Our sweat, votes, money and work had helped elect a new president and a more pro-LGBT Congress and finally it seemed we would be building a solid floor of legal equality from which we could reach the sky of freedom. Read more…

More Highlights from our Opening Plenary

February 5, 2010

Task Force's Sue Hyde and Russell Roybal start the conference with a bang. Photo by Beck Starr

The First Nations Collective shared an opening prayer at the plenary. Photo by Beck Starr

The dynamic and hardworking Dallas Host Committee co-chairs salute Creating Change conference attendees at the opening plenary on Thursday night. From left to right, Beau Heyen, Lovely Murrell, Marlene Browning and Henry Ramirez III. Photo by Beck Starr

Longtime LGBT rights advocate Beth Zemsky introduced the Task Force Academy for Leadership and Action. The Academy for Leadership and Action's powerful work is rooted in these themes: The ability todevelop and transform worldview, the ability to demonstrate radical welcome, the ability to build capacity and infrastructure and the ability to make immediate political change. Photo by Beck Starr

Highlights from Creating Change’s opening plenary

February 5, 2010

The irrepressible Kate Clinton, Creating Change’s emcee extraordinaire, entertained the crowd throughout the evening, noting that Dallas resident and former President George W. Bush is regularly spotted riding his bicycle around town in his helmet. “Why? What’s to protect?” she quipped. Photo credit: Inga Sarda-Sorensen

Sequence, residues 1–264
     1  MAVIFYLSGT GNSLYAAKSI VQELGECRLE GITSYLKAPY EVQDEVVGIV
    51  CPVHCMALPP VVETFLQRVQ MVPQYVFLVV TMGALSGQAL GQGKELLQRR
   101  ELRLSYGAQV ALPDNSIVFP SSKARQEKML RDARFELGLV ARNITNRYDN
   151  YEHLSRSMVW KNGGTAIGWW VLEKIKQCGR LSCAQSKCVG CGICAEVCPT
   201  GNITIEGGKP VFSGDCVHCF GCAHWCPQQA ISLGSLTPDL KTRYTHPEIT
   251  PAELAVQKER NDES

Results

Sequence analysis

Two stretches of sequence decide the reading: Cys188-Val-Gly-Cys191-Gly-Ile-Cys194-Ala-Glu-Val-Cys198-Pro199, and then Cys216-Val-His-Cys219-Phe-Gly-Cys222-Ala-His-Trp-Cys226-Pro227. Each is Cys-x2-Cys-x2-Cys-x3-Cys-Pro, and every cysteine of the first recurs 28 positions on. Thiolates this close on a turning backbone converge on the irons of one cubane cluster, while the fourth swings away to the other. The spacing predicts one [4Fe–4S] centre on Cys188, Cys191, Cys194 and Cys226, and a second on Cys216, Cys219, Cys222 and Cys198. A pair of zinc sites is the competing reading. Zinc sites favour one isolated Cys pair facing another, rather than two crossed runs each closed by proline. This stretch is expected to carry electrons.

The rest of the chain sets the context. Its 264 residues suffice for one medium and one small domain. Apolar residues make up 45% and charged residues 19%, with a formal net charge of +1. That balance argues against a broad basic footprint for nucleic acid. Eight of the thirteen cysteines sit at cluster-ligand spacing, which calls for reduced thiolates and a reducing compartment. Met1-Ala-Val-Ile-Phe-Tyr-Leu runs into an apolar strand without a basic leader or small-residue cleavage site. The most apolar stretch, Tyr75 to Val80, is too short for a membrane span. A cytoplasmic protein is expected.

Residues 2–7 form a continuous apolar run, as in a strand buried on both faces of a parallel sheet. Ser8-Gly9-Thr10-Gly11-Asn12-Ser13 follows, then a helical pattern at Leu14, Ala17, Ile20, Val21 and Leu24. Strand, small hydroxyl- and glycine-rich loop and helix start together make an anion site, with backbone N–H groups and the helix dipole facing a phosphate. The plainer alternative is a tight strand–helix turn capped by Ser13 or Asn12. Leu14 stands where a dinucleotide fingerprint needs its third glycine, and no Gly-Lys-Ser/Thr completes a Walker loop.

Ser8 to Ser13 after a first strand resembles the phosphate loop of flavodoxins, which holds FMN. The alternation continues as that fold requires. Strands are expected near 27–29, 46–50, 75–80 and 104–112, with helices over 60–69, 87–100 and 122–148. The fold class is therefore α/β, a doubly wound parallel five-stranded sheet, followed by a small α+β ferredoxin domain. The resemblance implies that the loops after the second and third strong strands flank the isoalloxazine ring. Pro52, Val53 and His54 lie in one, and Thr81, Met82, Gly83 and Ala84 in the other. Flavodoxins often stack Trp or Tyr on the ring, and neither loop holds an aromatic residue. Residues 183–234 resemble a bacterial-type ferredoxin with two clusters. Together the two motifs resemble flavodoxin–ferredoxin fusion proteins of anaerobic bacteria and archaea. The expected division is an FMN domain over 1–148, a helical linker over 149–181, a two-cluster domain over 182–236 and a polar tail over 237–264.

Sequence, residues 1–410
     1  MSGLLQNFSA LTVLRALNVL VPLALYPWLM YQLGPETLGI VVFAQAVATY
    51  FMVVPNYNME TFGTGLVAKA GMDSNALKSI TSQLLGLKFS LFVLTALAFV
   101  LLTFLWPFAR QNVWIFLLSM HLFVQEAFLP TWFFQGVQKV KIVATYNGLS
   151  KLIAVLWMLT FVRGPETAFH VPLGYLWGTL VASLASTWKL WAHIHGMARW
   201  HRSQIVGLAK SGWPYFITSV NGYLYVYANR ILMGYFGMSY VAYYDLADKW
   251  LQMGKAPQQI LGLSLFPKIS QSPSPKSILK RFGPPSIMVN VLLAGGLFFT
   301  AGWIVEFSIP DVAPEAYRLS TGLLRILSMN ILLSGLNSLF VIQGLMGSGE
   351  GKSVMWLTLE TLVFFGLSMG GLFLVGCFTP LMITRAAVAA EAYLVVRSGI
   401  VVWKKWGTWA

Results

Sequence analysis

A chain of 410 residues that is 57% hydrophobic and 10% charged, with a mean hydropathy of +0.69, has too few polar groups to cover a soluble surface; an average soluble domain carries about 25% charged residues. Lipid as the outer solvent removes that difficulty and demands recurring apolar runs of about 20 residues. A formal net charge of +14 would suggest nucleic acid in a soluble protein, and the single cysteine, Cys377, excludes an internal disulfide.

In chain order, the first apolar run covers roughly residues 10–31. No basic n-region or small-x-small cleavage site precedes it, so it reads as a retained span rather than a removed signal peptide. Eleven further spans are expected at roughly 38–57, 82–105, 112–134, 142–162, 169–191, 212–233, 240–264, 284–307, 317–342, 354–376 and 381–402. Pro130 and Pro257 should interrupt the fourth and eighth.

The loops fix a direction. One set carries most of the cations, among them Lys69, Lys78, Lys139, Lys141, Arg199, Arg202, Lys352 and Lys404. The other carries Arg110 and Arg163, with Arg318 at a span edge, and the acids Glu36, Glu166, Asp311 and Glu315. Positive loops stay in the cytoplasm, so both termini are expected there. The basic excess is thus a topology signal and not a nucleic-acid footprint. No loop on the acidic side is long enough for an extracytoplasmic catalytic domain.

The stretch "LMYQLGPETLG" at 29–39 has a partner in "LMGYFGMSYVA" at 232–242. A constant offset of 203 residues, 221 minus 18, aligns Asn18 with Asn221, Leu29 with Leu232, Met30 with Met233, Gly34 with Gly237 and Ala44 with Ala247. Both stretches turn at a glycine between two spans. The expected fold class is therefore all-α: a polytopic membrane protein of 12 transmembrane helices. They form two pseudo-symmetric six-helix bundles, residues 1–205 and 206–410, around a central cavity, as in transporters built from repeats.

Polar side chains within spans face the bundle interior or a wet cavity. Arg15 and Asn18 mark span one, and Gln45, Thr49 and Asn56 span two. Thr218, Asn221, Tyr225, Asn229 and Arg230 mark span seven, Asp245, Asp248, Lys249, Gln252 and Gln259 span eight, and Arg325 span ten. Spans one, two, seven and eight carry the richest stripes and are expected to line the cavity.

The uncompromising and energetic Task Force board co-chairs Lee Rubin and Marsha Botzer welcome the crowd to the 22nd National Conference on LGBT Equality: Creating Change. Photo credit: Inga Sarda-Sorensen

Michael Adams, executive director of SAGE, presents Joyce Pierson with the SAGE Advocacy Award for Excellence in Leadership on Aging Issues. Pierson, who does "this work not for the middle but for the edges," acknowledges other leaders in the LGBT elder movement who have created a national voice for LGBT elder rights in her acceptance speech. She also stresses the importance of reinstating the Older Americans Act, which "is subversive enough" to be useful for LGBT elders. Photo credit: Inga Sarda-Sorensen

Sharon M. Day of the First Nations Collective shared an opening prayer at the plenary, and was later presented with the the AIDS Community Action Award. She is the one of the founders of the Indigenous Peoples Task Force.Photo credit: Inga Sarda-Sorensen

Check back Friday for more photos and updates!

Thomas Saenz calls for comprehensive and inclusive immigration reform

February 5, 2010

Thomas Saenz addresses the crowd. Photo credit: Inga Sarda-Sorensen

Thomas A. Saenz , president and general counsel of the Mexican American Legal Defense and Educational Fund (MALDEF), called for comprehensive and inclusive immigration reform at the opening plenary of the 22nd National Conference on LGBT Equality: Creating Change. MALDEF is a national organization whose mission is to promote the civil rights of Latinos/as in the United States.

Saenz started his speech by saying that in the six months he has been leading MALDEF, “this is the largest and most energetic crowd” that he’s addressed.

He mentioned that MALDEF is an organization founded 42 years ago in San Antonio, Texas, when Latino lawyers recognized the need for leaders in the Latino civil rights community. It was modeled after the NAACP legal defense fund and work in education, employment, immigrants rights and voting rights.

Saenz expressed hope at the beginning of a new “decade of opportunity and great challenge ahead of us, especially with the prospect of finally moving toward comprehensive immigration reform with a clear path to citizenship and legal status.” Read more…